Of course, not every child goes to the mall and sits upon the lap of a temporarily-employed Santa Claus impersonator for this annual interrogation. There are other ways in which children undergo examinations throughout the year. They are subject to scrutiny by both peers and parents; tests that are constant, repetitive, and unpredictable. Such tests are not written, or even physically verifiable, but they may be very influential. The constant social “tests” may come in the form of punishment, admonishment, praise, or reward. Santa Claus may be invoked at any time of the year as the reason to adjust or correct any misbehavior, but his powers of discipline increase as Christmas approaches. And if anyone questions how the jovial old man keeps every child straight in his aging mind, don’t forget that he’s making a list, and has probably checked it at least twice.
Documentation, says Foucault, is an integral part of the disciplinary process. It is a means by which individuals can be compared, categorized, classified, and normalized. Documentation allows for statistical calculation, the prerequisite for determining what is “normal,” based upon averages. According to the popular folklore and the commercial constructions of Santa Claus, he spends his entire year not only managing his extremely productive toy workshop, but he is also engaged in a massive documentary project. Everything children do throughout the year is recorded, categorized, and ultimately, judged. Just like the prisoners of Bentham’s Panopticon who couldn’t see their observers, children have no possible way to tell when and if they are being watched. Such a power is at once terrifying and stunningly effective all at the same time.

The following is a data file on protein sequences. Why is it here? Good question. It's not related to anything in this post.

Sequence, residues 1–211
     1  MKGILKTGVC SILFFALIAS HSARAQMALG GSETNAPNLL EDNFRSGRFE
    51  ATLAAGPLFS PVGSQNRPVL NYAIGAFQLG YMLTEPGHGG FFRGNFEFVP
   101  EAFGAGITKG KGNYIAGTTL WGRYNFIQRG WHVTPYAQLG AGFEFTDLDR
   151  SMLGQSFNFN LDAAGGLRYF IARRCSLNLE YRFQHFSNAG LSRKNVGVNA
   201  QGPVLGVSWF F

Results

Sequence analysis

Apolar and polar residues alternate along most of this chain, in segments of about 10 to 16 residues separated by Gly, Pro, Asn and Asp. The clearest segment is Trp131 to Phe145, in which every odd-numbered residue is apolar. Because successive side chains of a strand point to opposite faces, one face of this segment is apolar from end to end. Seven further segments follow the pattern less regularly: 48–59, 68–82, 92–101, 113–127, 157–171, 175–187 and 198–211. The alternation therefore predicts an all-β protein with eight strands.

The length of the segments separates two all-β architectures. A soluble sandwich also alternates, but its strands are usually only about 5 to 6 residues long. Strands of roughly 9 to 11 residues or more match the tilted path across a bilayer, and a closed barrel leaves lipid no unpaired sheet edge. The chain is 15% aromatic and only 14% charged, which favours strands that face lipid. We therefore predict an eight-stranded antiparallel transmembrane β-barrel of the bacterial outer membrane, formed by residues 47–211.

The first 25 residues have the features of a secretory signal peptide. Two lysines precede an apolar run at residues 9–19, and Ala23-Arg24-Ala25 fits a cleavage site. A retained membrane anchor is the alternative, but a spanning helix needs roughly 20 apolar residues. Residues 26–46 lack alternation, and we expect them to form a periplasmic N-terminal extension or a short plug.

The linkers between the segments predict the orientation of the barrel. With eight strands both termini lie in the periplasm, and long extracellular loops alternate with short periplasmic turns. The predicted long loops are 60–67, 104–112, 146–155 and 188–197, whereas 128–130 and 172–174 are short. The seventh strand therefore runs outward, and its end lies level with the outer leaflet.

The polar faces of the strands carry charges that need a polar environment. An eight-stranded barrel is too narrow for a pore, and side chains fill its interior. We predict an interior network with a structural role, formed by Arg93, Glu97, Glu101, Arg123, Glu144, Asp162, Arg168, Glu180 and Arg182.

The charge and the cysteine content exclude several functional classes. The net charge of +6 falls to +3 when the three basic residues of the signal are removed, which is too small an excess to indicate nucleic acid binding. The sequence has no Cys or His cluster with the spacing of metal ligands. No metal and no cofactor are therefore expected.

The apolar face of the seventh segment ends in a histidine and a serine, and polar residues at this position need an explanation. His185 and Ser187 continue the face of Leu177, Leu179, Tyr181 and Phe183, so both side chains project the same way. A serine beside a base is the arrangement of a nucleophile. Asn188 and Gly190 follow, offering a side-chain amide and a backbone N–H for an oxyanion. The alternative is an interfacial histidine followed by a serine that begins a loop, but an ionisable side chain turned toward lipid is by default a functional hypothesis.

It’s easy to dismiss the belief in Santa Claus as something that is trivial, childish, and meaningless. But tell that to some five year old kid. Kids are told that he is a real being, someone who exerts control over their lives. Once a year they even get to see him in person, which is more proof than they get for most supernatural beings (as far as I know). The fact that Santa Claus’s persona is inextricably linked to toys and other material payoffs only increases his overall impact.
But there is a kink in Santa’s omnipresent armor, and it is revealed layer by layer, ever so slowly. Once it starts, it spreads rapidly through children’s networks and associations via rumors, stories, and whispered playground secrets. At some point children learn that there isn’t necessarily a direct correlation between their behaviors and the material payoff that they receive at the end of the year. Some kids might do all they can to be good, and still not get what they asked for. Others might get into fights all year, ditch school, or kick puppies and still get a large holiday payload. That’s when the radar goes up, and kids start wising up.